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"Concerns over government funding had no impact on this decision," said Stearns, noting that World Vision caps federal funding at 35 percent of its cash revenues. "We fought for the whole Christian community, reminding USAID that faith-based organizations have a religious exemption and are not required to follow government hiring guidelines.

"If the U.S. government ever requires us to give up our religious hiring rights in exchange for grants, we would walk away from U.S. grants. World Vision's ministry is not for sale."

World Vision's 2010 victory before the Ninth Circuit Court of Appeals on faith-based hiring practices was watched closely by many Christian organizations (500 people signed up within 24 hours for a related ECFA webinar in April 2010). World Vision general counsel Steve McFarland later gave a series of ECFA webinars advising how other ministries could best structure their statements of faith to defend their hiring practices.

Yet Stearns said World Vision is not suggesting other ministries should now follow its lead.

"We made this decision for our organization based on who we are. Every organization has to come to its own conclusion," he said. "We are still passionate about protecting religious hiring rights—making sure that every Christian organization gets to decide this issue for themselves and not have the government decide it for them." (The latest example: World Vision's amicus brief on Hobby Lobby's Supreme Court case against Obamacare's contraceptive mandate.)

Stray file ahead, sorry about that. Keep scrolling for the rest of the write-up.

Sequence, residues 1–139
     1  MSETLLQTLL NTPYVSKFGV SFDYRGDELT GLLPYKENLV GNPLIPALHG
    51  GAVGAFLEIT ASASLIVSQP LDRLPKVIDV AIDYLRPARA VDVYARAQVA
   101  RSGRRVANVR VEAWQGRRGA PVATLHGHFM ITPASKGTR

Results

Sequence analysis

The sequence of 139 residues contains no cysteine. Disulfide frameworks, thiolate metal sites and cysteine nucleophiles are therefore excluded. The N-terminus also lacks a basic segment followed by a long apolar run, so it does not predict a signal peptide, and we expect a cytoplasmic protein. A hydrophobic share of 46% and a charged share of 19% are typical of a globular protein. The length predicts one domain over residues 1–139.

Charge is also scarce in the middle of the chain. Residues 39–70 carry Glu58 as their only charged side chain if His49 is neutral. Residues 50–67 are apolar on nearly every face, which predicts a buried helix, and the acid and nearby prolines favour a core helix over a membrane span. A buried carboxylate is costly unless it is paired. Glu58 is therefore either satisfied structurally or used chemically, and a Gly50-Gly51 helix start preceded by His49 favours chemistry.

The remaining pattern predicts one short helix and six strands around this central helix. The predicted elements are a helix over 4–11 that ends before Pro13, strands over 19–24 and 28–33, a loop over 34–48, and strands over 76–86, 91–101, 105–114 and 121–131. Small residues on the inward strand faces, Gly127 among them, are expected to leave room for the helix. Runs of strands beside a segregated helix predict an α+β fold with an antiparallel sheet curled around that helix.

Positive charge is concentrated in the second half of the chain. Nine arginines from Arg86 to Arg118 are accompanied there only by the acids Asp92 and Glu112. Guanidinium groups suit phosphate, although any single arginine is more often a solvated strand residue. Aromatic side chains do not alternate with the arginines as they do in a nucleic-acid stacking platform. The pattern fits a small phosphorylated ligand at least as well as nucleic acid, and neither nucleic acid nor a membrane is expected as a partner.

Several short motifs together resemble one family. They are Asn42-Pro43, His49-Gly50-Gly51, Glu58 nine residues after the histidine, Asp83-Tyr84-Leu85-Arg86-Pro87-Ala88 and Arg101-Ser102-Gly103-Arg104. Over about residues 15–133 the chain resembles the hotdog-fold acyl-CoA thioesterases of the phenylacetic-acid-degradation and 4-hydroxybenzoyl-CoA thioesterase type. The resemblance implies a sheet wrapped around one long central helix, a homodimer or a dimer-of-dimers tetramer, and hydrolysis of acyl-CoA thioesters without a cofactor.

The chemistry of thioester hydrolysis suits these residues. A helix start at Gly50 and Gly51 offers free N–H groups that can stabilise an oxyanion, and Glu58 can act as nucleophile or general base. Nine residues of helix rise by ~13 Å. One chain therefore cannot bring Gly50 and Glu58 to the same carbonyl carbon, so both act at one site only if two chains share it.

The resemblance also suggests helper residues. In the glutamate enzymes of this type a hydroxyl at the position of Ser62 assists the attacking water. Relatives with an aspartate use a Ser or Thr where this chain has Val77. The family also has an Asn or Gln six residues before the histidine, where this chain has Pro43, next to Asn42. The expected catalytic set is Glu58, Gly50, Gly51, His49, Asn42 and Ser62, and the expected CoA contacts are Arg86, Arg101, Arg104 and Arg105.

"We're not doing this for any legal reasons," he said. "If we wanted to, we would fight another battle on this all the way to the Supreme Court."

So the question becomes: Will supporters, particularly theologically conservative ones, let World Vision adopt a neutral stance on same-sex marriage? One of the first prominent voices out of the gate: Russell Moore, president of the Ethics and Religious Liberty Commission, who tweeted, "I'm glad Carl Henry didn't live to see this," and promptly penned a reaction, concluding: "World Vision is a good thing to have, unless the world is all you can see."

Maintaining neutrality on such divisive issues is proving increasingly tricky for Christian organizations with broad coalitions. The most recent example is Thrivent Financial for Lutherans, which has declared neutrality on abortion, same-sex marriage, and guns as it seeks to encompass more Christians yet preserve its diverging base of 2.5 million Lutherans. Yet Thrivent's theologically conservative wing has not been pleased.

And the policy change comes as World Vision has reduced its U.S. workforce by 10 percent over the past 15 months as expenses have risen and government grants have decreased, reportsThe News Tribune in nearby Tacoma, Wash. "The last 12 to 24 months have been among the most challenging of any we have ever faced," Stearns wrote to 408,000 donors in a January letter that marked "the first time Stearns had sent out a letter asking child sponsors to increase their giving due to cutbacks," the newspaper reported.

Stearns hopes World Vision will not experience similar division like Thrivent and risk losing conservative supporters as a result.

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